South Australia‘s annual electricity consumption has decreased significantly, with home solar power systems partly to thank.
A recent report released by the Australian Energy Market Operator (AEMO) states South Australia‘s consumption of mains grid supplied power decreased by approximately 5% (700 GWh) in 2011-12 and is around 10% lower than was forecast.
The AEMO now predicts consumption to grow by just 0.9% over the next decade.
Aside from consumer response to the rapidly increasing electricity prices, one of the factors leading to the consumption reduction is the uptake of rooftop solar power systems in South Australia.
Among the National Electricity Market (NEM) regions, South Australia has the highest percentage of rooftop solar panels, with approximately one out of five SA homes having installed systems by the end of February this year – representing a total capacity of 267 MW.
According to the AEMO, residential solar panel installations are estimated to have generated 306 GWh of electricity in South Australia in 2011-12, which is equivalent to 2.4% of the state’s annual energy.
While 20% of the state’s residential rooftops now sport solar panels, the future is continuing to look bright for South Australia’s solar industry.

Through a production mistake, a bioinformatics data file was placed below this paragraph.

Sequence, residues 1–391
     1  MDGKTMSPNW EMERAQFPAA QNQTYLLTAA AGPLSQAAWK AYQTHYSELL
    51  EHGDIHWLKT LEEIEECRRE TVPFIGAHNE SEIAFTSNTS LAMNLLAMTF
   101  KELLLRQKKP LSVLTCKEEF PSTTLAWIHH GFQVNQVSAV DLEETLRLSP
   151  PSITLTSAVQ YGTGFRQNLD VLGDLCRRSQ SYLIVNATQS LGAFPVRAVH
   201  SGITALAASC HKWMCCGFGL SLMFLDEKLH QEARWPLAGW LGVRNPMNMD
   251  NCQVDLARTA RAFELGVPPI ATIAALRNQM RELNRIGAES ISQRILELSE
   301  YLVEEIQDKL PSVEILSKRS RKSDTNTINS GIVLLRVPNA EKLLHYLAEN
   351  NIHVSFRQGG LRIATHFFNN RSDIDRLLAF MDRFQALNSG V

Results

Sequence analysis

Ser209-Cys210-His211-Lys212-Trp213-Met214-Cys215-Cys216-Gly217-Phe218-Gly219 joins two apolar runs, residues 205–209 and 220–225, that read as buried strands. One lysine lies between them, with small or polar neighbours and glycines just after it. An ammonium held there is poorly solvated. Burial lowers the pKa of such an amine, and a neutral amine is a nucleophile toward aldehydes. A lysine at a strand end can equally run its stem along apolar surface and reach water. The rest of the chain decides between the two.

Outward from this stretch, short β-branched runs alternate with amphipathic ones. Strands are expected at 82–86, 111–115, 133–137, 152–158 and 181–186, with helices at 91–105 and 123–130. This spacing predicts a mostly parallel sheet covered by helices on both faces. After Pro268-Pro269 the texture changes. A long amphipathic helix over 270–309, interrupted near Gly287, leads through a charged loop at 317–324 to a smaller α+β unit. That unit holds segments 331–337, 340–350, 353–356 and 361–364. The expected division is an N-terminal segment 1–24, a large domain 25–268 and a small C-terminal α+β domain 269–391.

The AEMO forecasts rooftop PV-generated electricity will increase to 900 GWh by 2021-22 under a moderate uptake scenario and over a 10-year outlook period, the average annual growth rate of rooftop solar panel installations is predicted to be approximately 8%.
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South Australia’s electricity prices jumped by a massive 17% on 1 August 2011 and rose an additional 18% recently. With the state’s solar feed in tariff incentives currently totaling 25.8c per kilowatt hour minimum; it means a 5kWsolar panel system installed in Adelaide and in many other areas of the state can often wipe out a household’s electricity bill altogether.
Payback time on such a system currently on offer by some providers is approximately 5.5 years; after which, the system will continue to generate what is essentially free electricity for decades; with perhaps only the solar inverter needing replacing during that time.